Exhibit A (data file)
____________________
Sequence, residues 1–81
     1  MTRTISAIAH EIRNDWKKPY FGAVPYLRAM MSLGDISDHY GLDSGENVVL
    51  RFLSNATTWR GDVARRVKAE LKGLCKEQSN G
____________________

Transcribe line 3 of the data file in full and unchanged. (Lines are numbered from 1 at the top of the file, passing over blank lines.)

    51  RFLSNATTWR GDVARRVKAE LKGLCKEQSN G